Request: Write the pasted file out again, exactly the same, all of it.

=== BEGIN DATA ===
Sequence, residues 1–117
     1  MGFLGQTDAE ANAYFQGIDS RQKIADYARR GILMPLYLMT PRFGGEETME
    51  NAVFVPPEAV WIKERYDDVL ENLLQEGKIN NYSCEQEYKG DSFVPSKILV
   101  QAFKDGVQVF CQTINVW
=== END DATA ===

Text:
Sequence, residues 1–117
     1  MGFLGQTDAE ANAYFQGIDS RQKIADYARR GILMPLYLMT PRFGGEETME
    51  NAVFVPPEAV WIKERYDDVL ENLLQEGKIN NYSCEQEYKG DSFVPSKILV
   101  QAFKDGVQVF CQTINVW